# 22. Tensor-weighted Poisson¶

This demo is implemented in two files; one file,
`generate_data.py`

, for generating data, and one file,
`demo_tensorweighted-poisson.py`

, which contains both the
vaiational form and the solver.

This demo illustrates how to

- Import data from file
- Use complex user-defined JIT-compiled expressions

The solution \(u\) will look like this

## 22.1. Equation and problem definition¶

The Poisson equation is the canonical elliptic partial differential equation. For a domain \(\Omega \subset \mathbb{R}^n\) with boundary \(\partial \Omega = \Gamma_{D} \cup \Gamma_{N}\), the Poisson equation with variational conductivity \(C\) and particular boundary conditions reads:

Here, \(f\) is input data and \(n\) denotes the outward directed boundary normal. The variational form of the Poisson equation reads: find \(u \in V\) such that

where \(V\) is a suitable function space and

The expression \(a(u, v)\) is the bilinear form and \(L(v)\) is the linear form. It is assumed that all functions in \(V\) satisfy the Dirichlet boundary conditions (\(u = 0 \ {\rm on} \Gamma_{D}\)).

In this demo, we shall consider the following definitions of the domain, the boundaries and the input function:

- \(\Omega = [0,1] \times [0,1]\) (a unit square)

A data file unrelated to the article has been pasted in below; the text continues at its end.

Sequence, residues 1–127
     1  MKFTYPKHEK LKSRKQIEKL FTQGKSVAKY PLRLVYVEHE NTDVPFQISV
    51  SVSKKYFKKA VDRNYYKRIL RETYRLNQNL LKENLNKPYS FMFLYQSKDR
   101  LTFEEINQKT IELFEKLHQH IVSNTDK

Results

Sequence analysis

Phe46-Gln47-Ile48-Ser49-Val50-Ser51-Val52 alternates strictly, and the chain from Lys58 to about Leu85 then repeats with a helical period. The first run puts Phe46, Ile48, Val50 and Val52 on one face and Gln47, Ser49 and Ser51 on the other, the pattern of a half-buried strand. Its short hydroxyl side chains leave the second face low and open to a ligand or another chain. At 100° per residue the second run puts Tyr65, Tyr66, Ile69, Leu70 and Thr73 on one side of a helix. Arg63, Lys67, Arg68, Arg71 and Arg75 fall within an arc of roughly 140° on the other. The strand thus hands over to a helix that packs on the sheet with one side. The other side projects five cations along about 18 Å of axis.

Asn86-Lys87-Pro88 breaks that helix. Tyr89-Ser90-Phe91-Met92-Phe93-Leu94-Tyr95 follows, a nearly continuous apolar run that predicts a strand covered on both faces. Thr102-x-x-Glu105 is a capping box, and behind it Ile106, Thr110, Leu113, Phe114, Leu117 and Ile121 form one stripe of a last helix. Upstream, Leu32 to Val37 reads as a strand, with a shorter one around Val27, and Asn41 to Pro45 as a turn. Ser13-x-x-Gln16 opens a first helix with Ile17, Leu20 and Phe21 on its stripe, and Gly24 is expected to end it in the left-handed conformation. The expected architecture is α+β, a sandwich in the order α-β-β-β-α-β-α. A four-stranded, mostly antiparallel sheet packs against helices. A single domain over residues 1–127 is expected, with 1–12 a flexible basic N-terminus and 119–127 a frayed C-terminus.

- \(\Gamma_{D} = \{(0, y) \cup (1, y) \subset \partial \Omega\}\) (Dirichlet boundary)
- \(\Gamma_{N} = \{(x, 0) \cup (x, 1) \subset \partial \Omega\}\) (Neumann boundary)
- \(f = 10\exp(-((x - 0.5)^2 + (y - 0.5)^2) / 0.02)\) (source term).

The conductivity is a symmetric \(2 \times 2\) matrix which varies throughout the domain. In the left part of the domain the conductivity is

and in the right part it is

## 22.2. Implementation¶

### 22.2.1. Implementation of generate_data.py¶

First, the `dolfin`

module is imported:

```
from dolfin import *
```

Then, we define a mesh of the domain. We use the built-in mesh,
provided by the class `UnitSquareMesh`

. In order to create a mesh
consisting of \(32 \times 32\) squares with each square divided
into two triangles, we do as follows:

```
# Create mesh
mesh = UnitSquareMesh(32, 32)
```

Now, we create mesh functions to store the values of the conductivity
matrix as it varies over the domain. Since the matrix is symmetric,
we only create mesh functions for the upper triangular part of the
matrix. In `MeshFunction`

the first argument specifies the type of the mesh function, here we